But there’s fear behind it, and I wonder if he’s being bullied again. He’s small like me. You won’t be able to eat like this forever, my mother warned. She was wrong about that, as with other things.
My smallness has always been a liability. Scratch that. There’s an advantage to being underestimated. Yet I learned too late an attraction to small bodies may be a portent.
Always so covetous with his possessions. His home office, his bookshelves, his closet, his dresser drawers.
The glove compartment of his Audi, where no one would have reason to look through a car manual with apps these days, and my Volvo wouldn’t start again, and the key for the Audi didn’t work, and I
couldn’t figure it out. Three more years to figure out what to do. My only exits. Lyle offers weed. Thanks LL, I say, a joke from our Binghamton days. Lyle the Liar, because, unlike me, he never could keep his stories straight.
Lyle shoots me a look. He knows tonight counts, and though he’d flee to the guest cottage, he stays. I take a long, slow hit and pass it back to him. Lyle the Loyal.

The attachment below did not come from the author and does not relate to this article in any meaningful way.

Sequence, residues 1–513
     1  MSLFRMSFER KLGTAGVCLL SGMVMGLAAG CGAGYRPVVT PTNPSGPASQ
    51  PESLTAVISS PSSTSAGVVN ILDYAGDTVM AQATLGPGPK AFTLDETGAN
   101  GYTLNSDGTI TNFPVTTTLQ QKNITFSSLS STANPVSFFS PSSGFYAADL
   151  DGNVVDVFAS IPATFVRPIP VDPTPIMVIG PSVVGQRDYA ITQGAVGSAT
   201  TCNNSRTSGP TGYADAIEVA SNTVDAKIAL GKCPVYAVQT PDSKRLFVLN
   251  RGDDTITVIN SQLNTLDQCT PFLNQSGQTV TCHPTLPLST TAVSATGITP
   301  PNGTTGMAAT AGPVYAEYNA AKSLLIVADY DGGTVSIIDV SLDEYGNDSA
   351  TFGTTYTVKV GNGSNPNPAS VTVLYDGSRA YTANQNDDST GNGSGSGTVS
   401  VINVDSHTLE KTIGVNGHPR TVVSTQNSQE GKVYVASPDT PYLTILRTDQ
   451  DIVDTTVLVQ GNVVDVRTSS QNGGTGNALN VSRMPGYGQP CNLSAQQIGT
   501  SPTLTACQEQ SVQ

Out of the shower and into an Issey Miyake with a drawcord neckline. It’s far out for this preppy crew, with their Lilly Pulitzers and Nantucket Reds. On this strut of land frittering in the Atlantic, it’s forever 1985.
Servers flank the tent’s perimeter.
Heath and Reed Arnett, Paul Torres, Elaine and Charlie Decroux, Merrill Doyle.
First drinks poured; first lines delivered. An unforeseen meeting in the city. Nothing out of the ordinary, nothing that hasn’t happened a thousand times before.
More guests from our early years. Swimming at Jetties Beach, cruising on someone’s boat. Salty windswept hair, salved, Noxzema skin. The ones not here divorced or dead or dead to me.
Fleetwood Mac agitprop. Diatribes against a new housing development. Chatter over a firing at the yacht club. A skipper sailing off with the spoils.
A cauldron of bats ballyhoos the night.
Betsy Stewart, our seventies-something doyenne and dear friend, enters to cheers. Lobster Pissaladière dispatched, Louis Roederer served.
Over lunch last summer, a conversation about bodies of water. Anything that can be washed out, explained Betsy, proprietor of Stewart Enterprises, structural moving and masonry specialists, can be washed back in.
On the other hand. Her client’s home on Sankaty’s degenerate bluff. Footings installed on the new site by the golf course. Close to us.
Kiss kiss. Your arm, Betsy says. Was there trouble last night? Brandy Snifter avec Xanax. A hoist from Lyle to my new old Volvo. No, no. No trouble.